Retired Military Leaders Oppose Provocative House Resolution

Lauren Coletta, Common Cause, (202) 736-5774

Carah Ong, Council for a Livable World, (202) 378-3334

Three retired military leaders have sent a letter to Congressional lawmakers urging them to abandon a resolution regarding Iran that is moving Congress. The retired military leaders say the resolution (H.Con.Res. 362) is “poorly conceived, poorly timed, and potentially dangerous.” The full text of the letter – signed by Lt. General Robert G. Gard, Jr., US Army (ret.); former Assistant Secretary of Defense Dr. Lawrence J. Korb; and Vice Admiral Jack Shanahan, US Navy (ret.) – is available online here.

All three signatories to the letter are available for interviews.

Both Common Cause and Center for Arms Control and Nuclear Proliferation have concerns about the resolution and solicited the opinions of these experienced individuals to gain a better understanding of the potential military implications of the resolution.

The military leaders cite language in the resolution demanding the President initiate an international effort “prohibiting the export to Iran of all refined petroleum products; imposing stringent inspection requirements on all persons, vehicles, ships, planes, trains, and cargo entering or departing Iran,” as particularly concerning. Despite the protests of its sponsors, the retired military leaders believe that implementation of inspections of this nature could not be accomplished without a blockade or the use of force.

According to the letter, “Immense military resources would be required to implement such inspections of cargo moving through the seas, on the ground and in the air. The international community has shown no willingness to join in such an activity. Without a Security Council Resolution, implementation of these measures could be construed as an act of war.” Additionally, the retired military leaders say, “Implementation of measures called for in the resolution could complicate our operations in Iraq and Afghanistan and could cause oil prices to soar.”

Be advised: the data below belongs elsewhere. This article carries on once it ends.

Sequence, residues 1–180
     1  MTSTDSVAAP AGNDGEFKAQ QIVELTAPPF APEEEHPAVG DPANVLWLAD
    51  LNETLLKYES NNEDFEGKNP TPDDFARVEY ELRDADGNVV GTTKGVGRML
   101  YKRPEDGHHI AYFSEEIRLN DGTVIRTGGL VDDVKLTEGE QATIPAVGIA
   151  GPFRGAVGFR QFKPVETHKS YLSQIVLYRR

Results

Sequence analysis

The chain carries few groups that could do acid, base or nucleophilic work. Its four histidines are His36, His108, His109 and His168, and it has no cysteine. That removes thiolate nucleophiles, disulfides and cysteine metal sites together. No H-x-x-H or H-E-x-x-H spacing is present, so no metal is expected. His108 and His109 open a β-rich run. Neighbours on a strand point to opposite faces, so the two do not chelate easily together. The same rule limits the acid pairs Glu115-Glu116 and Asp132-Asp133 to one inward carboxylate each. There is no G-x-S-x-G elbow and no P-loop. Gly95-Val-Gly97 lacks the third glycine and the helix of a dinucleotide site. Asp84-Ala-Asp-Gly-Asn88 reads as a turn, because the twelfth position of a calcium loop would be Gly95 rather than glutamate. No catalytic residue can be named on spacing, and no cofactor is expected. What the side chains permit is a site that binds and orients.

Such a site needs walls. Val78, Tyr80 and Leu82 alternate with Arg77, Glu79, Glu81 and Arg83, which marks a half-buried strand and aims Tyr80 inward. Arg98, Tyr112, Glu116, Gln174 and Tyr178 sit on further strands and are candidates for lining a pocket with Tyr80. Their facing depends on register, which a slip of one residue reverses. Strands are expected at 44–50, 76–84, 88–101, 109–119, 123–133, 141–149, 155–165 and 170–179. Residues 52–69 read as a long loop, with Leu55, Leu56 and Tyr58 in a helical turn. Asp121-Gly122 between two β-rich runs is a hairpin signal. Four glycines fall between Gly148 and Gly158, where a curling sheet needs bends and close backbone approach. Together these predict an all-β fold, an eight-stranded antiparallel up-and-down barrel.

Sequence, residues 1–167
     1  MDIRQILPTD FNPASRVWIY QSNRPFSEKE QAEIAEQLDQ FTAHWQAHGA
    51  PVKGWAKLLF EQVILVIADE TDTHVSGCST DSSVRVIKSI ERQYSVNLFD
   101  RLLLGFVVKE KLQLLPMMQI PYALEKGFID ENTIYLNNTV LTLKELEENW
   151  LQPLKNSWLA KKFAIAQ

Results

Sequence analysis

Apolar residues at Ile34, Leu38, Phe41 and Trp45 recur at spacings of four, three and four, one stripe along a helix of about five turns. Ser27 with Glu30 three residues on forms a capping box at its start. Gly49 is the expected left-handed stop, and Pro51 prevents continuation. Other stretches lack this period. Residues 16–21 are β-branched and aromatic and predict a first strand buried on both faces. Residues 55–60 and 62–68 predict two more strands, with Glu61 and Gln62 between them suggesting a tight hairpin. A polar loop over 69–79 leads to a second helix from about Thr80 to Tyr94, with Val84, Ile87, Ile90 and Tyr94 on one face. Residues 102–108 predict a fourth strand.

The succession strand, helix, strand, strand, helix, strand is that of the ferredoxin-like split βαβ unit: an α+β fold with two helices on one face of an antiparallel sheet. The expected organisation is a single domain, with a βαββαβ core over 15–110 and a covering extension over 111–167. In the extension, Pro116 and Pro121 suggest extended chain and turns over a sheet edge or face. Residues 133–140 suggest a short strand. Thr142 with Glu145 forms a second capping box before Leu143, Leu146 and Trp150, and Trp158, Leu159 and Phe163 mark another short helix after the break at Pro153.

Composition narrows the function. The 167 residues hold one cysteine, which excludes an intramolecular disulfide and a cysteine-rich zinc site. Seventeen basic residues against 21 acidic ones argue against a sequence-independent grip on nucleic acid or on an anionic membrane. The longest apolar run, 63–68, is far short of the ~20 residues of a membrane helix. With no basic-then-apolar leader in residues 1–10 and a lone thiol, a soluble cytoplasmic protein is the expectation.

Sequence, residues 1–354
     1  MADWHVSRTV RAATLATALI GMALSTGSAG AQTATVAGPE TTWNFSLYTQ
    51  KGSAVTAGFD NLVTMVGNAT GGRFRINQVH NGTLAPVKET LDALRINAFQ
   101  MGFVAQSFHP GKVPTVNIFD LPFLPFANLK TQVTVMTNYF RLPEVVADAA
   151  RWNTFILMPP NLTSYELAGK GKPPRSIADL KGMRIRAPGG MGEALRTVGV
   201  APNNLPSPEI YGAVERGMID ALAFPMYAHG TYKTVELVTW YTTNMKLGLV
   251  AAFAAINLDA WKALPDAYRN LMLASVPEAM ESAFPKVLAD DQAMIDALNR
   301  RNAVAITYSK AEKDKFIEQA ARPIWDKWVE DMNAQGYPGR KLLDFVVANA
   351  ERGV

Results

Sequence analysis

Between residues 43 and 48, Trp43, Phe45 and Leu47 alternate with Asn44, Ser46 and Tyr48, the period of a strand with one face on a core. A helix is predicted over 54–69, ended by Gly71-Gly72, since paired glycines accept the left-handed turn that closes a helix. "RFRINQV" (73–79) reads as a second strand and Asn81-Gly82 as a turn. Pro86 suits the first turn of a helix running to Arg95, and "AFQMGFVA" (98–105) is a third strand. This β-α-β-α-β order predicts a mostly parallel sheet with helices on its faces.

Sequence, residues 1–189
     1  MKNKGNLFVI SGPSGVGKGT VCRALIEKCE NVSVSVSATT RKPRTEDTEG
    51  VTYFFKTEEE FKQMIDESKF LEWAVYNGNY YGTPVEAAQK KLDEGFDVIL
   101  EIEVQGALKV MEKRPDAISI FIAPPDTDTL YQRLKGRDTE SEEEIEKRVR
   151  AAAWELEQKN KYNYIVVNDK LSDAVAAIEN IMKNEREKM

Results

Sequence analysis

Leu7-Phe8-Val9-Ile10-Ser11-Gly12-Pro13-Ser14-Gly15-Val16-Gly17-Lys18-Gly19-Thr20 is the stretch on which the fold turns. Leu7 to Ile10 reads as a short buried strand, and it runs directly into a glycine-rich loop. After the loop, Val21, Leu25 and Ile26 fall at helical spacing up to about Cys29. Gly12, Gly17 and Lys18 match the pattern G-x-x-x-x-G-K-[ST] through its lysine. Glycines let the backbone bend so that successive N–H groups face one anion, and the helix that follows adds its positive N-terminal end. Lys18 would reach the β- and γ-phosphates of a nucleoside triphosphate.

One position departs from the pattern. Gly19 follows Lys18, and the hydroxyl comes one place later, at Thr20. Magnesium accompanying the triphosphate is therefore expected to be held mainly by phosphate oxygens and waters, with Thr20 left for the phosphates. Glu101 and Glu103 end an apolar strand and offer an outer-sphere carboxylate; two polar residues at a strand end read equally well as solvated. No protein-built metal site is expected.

The letter concludes that H. Con. Res. 362 as a concurrent resolution does not have the force of law, but it clearly risks sending a message to the Iranians, the Bush Administration, and the world that Congress supports a more belligerent policy toward, and, potentially, belligerent actions against, Iran. According to the military experts, “In our view, H. Con. Res. 362 in no way furthers our diplomatic efforts or those of our European allies and should be abandoned.”

The full text of the letter is available online here.